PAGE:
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[IP] RE: Abbreviations /FINALLY

I disagree on use if the term "brittle", and I don't think its an insult but
an accurate description for some people.  I have been pumping less than a
year, and have had to change my basal rates 5 times (both up and down) as well
as modify my insulin to carb ratios a number of times, with different ones for
different times of day, etc. in order to "control" this condition.  These will
inevitably change again, which is just part of living with Type 1 diabetes (I
can't speak on behalf of Type 2 because I have no experience with it).

Personally, I am less offended by use of the term "brittle" than I am by use
of term "control" when trying to manage an incredibly complex condition with
the relative crude tools that are available today.  Using a term like
"control" implies that we have an absolute ability to manage blood glucose
levels, which we simply do not have with the tools available today.  The
modalities of current treatment, such as periodic blood testing instead of
continuous monitoring, the inability to measure the presence of other hormones
in the body which impact insulin's ability to function properly, the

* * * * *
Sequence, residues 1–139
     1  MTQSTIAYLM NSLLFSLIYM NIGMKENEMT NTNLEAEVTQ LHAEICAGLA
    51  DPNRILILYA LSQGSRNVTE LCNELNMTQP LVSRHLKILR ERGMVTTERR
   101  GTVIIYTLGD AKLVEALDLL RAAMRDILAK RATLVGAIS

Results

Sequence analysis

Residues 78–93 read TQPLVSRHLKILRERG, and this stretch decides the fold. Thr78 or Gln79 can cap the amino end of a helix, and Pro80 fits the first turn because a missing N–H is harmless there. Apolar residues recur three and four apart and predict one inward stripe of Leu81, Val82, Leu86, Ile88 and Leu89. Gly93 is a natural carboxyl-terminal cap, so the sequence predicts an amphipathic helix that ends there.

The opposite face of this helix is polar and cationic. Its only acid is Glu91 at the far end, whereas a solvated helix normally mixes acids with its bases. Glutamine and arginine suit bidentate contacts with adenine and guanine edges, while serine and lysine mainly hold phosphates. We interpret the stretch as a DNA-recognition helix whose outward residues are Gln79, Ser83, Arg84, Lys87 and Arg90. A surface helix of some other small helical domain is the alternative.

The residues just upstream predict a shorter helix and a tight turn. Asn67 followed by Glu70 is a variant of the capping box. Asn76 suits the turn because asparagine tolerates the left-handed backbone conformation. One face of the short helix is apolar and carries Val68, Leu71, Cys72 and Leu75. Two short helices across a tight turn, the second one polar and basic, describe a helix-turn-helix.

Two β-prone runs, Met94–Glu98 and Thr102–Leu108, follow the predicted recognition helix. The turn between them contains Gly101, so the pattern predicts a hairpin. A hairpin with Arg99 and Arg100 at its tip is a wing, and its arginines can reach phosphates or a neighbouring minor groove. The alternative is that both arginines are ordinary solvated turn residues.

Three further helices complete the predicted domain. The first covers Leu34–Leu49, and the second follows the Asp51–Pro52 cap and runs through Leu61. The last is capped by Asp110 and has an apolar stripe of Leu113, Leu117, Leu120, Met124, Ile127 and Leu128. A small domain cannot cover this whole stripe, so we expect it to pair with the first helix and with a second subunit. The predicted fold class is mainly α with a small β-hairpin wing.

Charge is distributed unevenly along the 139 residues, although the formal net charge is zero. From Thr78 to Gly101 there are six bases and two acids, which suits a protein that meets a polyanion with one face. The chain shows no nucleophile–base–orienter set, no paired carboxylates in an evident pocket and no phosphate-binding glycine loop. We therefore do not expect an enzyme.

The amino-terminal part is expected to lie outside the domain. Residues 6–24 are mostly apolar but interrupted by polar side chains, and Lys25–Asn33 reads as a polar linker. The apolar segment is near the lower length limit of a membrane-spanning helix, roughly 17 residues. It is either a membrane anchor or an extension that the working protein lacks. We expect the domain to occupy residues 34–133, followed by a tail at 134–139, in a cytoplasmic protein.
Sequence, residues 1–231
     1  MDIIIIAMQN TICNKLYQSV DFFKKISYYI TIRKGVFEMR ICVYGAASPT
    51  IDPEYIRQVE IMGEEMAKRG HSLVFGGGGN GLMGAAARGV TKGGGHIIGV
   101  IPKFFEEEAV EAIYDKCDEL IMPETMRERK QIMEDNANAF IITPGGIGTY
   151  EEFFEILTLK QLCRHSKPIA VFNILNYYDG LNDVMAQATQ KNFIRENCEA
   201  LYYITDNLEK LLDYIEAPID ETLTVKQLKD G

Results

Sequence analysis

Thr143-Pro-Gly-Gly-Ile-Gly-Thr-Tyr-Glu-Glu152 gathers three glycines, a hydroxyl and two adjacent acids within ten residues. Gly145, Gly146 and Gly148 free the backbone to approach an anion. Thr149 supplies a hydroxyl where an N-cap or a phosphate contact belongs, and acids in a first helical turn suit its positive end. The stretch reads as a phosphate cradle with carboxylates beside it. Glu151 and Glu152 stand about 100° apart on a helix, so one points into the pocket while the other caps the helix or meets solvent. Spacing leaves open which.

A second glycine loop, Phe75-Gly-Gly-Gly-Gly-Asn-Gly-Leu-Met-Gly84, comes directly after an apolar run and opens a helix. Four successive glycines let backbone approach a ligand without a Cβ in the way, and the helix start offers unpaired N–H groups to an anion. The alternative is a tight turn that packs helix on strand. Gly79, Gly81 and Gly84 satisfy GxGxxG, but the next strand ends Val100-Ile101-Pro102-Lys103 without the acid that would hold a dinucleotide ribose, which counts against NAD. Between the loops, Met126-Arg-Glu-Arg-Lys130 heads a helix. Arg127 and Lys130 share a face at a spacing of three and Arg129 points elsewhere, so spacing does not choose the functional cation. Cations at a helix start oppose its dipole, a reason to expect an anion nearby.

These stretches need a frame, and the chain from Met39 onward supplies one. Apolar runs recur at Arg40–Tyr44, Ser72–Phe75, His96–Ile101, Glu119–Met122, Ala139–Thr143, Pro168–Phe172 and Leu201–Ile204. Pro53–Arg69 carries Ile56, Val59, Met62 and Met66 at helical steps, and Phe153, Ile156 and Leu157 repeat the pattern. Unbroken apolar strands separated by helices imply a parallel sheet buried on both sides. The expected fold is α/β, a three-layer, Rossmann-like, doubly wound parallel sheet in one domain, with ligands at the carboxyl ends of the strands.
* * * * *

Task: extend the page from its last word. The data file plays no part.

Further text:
variability in subcutaneous infusion, and not having functioning
counter-regulatory functions to deal with a blunted epinephrin secretion
(thus, hypoglycemic unawareness) when blood glucose levels fall too low all
limit one's ability to truly "control" diabetes.  Don't get me wrong, its
better today than it was when I was diagnosed in the 1970s.  Those days were
even worse, with food exchanges, urine testing which gave readings (of
Negative, 1+, 2+, 3+ and 4+) many hours after the fact.

However, "brittle" is a term that has as many definitions relative to diabetes
as there are people who use it.  Merriam-Webster defines it as follows:

Brittle, Function: adjective.  1a : easily broken, cracked, or snapped
<brittle clay> <brittle glass> b : easily disrupted, overthrown, or damaged :
FRAIL <a brittle friendship>

My opinion is that the ability to truly control diabetes with the tools
available to patients today could be described as brittle, but I hope people
don't take great offense to the use of this or any other term.  After all, it
is only an adjective.


Dx'd Type 1 9/1976 at age 7 (now age 33), pumping with Animas R1000 since
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